Billy Budd, three Navy Seals, and the spirit of the law 0

Billy Budd, by Herman Melville, is the story of an innocent, good young man, an illegitimate orphan, who is impressed into the Royal Navy when England is at war with France in 1797. The Captain of the ship on which he serves loves him, and so do all the crew except for one man, John Claggart, the Master-at-Arms. Motivated by malice, hate, and envy, Claggart falsely accuses Billy of planning mutiny. An astounded and disbelieving Captain Vere has to confront Billy with his accuser. Billy cannot answer the charge. Not only is he bewildered by the accusation which he only understands as a blatant lie, and has no idea how to convey his denial having never been taught to express himself, but in addition he is hampered by a speech impediment. In his frustrated and  desperate need to defend himself, he strikes out at Claggart and accidentally kills him. Captain Vere has no choice now but to have Billy court-martialled. As the only witness to the event, he defends Billy, sincerely believing in his profound innocence. But then, deeply paining his own feelings, he himself actually persuades the court-martial panel to sentence Billy to death, because although it is unjust, it is what the law prescribes. If an enlisted man kills an officer in a time of war, even accidentally, the law says he must be executed. So Billy Budd, a personification of human goodness, is hanged as a criminal.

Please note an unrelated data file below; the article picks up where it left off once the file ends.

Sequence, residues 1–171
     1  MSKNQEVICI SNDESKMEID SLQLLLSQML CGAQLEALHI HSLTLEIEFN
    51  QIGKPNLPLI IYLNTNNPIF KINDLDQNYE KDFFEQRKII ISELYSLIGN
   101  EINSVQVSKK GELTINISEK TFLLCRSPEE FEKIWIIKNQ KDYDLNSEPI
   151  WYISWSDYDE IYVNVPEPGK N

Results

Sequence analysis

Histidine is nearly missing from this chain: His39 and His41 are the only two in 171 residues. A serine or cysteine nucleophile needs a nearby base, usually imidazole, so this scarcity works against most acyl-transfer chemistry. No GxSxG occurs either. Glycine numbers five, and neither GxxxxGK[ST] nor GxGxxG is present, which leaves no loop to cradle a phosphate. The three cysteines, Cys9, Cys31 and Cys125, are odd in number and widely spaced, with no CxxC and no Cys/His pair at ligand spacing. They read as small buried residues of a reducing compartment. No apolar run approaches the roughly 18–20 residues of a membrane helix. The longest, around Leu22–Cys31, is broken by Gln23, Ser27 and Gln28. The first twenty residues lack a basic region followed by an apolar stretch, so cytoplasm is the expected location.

What has recalled Billy Budd to our minds is the case of three Navy Seals in Iraq. One of them, Petty Officer First Class Julio Huertas is being tried today in Baghdad on charges relating to the hitting of  an enemy captive. The accusation has been brought by the captive himself, Ahmed Hashim Abed.

The US Marines had been searching for him as the leader of a murderous attack on four Blackwater contractors. Abed and his fellow Islamic savages killed the Americans, dragged their mutilated and burnt bodies through the streets of Falluja, and hung two of them on a bridge.

In what seemed like a triumph for justice, three brave Seals captured Abed, for which they should be commended and rewarded.

They handcuffed and blindfolded him, and proceeded to interrogate him. Later the prisoner was to complain that one of them had struck him. If so, the Seal was surely being all too merciful, considering that servicemen are paid not merely to strike but to kill the enemy. Astoundingly, however, all three of the Seals are to be court-martialled.